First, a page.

“It’s occupied,” he says when someone knocks, his voice somewhere around the vicinity of his body as he flushes and scrubs his hands, wets his face. When he opens the door Julia is there, and before he can stop her she pushes him back inside.
“Everyone’s still in the yard,” she says, as if she can read every one of his thoughts before he can speak them. “Why did you stop writing to me at school?”
“I’m sorry—I proposed to Karen. I had other things on my mind,” he answers. He can feel the water still on his face, or is it sweat? He’d been careful not to ask Mark about Julia in the years between the letters and now, only nodding when Mark offered an update on Julia appearing in some cable drama or commercial out in LA, where she worked as an actor.
“I thought we were friends,” she says. The bathroom is dark. He reaches over her to turn on the light, but she grabs his wrist.
“We are friends,” he says. “But you didn’t need my advice. Then or now.”
“I didn’t want your advice.” Her voice is barely a whisper, and the floor of the bathroom suddenly feels like a funhouse underneath his boots. He bends, feeling for the ledge of the tub on his left to sit down and steady himself, but he misjudges and falls in, taking the shower curtain with him, his heading hitting the tiled shower wall.
“Are you okay?” Julia leans forward. But instead of helping him up she kisses him, her breath strong and oily from the whiskey, her tongue quickly searching his mouth. He puts both of his hands on her cheeks and turns his head, gulping the air between them. His head is throbbing from the wall. It feels damp, maybe with blood, maybe sweat.
“Whatever ever happened to Patrick?” He asks. He doesn’t know why, but he thinks of him, Julia’s boyfriend who left her at the Castro. Julia’s letters had kept coming, two or three, after he’d stopped writing, but he’d never even opened them. Don’t encourage her, Karen had warned him, almost diplomatically, back then, when Karen viewed such things as nuisances and not threats.
But Julia is already standing up, away from him, talking to someone in the doorway. When he looks up, it’s Mark. He’s still wearing his top hot.
“You okay, buddy?” Mark’s expression is somewhere between, as best as Jonas can judge, amusement and concern. “You all right?”
In the morning, swaddled in bed like he has the flu and not a hangover, Jonas wonders if Julia had been toying with him. He doesn’t remember much about last night, except Mark’s sweaty body over his in the tub, pulling him up, his top hat falling off and hitting Jonas’s own neck softly, like a sad trombone to the evening. He hears voices downstairs—Karen and Mia watching a movie—and wills himself out of bed toward the bedroom closet. He goes through the boxes on the top shelf. The letters from Julia will change nothing, he thinks, even as he sifts through old cassette tapes and letters from friends, other girlfriends, his mother. He remembers the jolt he felt when he’d see Julia’s letters in his post office box, her penmanship showy and sometimes urgent, all capped or underlined in the middle of paragraphs. He’d often wondered whether she had wanted to impress him or just someone.
He empties out the last box. The letters are gone. Had Karen gotten rid of them? Had she known him better than himself, that his future self, rattled by some McGuffin, would retrace his steps in the trail to the point where the paths in his life had diverged, looking for answers?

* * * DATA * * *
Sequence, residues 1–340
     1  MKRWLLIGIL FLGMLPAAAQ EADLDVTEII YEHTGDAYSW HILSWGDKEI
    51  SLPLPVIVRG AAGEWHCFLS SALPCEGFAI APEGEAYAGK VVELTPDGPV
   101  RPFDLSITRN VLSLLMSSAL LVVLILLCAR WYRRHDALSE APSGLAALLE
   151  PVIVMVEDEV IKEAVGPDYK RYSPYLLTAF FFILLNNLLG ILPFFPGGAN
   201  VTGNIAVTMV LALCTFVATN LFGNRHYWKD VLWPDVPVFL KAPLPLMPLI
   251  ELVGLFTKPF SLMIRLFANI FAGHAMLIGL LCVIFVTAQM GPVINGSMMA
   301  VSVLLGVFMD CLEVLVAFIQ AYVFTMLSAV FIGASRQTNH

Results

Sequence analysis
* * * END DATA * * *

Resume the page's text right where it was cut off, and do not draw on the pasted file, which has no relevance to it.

He puts everything away where he found it and calls Mark.
“I think I owe you a new shower curtain,” he says. “I’m sorry about last night.”
“It’s all right, man,” Mark coughs. He sounds hoarse. “We were all pretty fucked up.”
“How’s Julia?” He tries to sound casual.
“Probably as hung over as you, buddy.” Marks laughs. “What were you two doing up in that bathroom, man?”
“Didn’t Julia tell you?” Jonah asks after a pause. He wonders if they have a story—if hers matches his.
“I’m just kidding, man. She left this morning—made me drive her to the fucking train station so she could see some friends in New York.”
When he hangs up, he doesn’t know whether he feels sorry for himself or for Julia. It’s as if something has been taken away from him, but he doesn’t know what it is. Something wonderful and awful at the same time. By the time he’d proposed to Karen, they’d been dating for five years. Although he wasn’t sure Karen was the one, he couldn’t think of any reasons not to. She was smart and level-headed. Her eyes were like amber, her laugh loud and spontaneous. If someone had had asked him what he’d wanted in a relationship, Karen’s composite was his answer. But he hadn’t fallen head over heels in love; those electric years of sex and feelings that marked the start of relationships had never ignited for him and certainly wouldn’t now. Instead, their relationship grew on him like a spare tire, one that he couldn’t work off. He thinks of his father in those later years when he visited him at the cabin in Bedford, looking through a packet of photos from his years in the Navy.
You spend forever, staring at the ocean, waiting to go somewhere, he’d said of trips to China, Southeast Asia, the South Pacific. But then suddenly you wake up and you’ve landed, and it ain’t that much different from where you left.
“Find what you were looking for?” Karen asks from the couch when he joins them in the den.
“No.” He opens a bottle of water and sinks in next to her. “It probably wasn’t important, anyway.”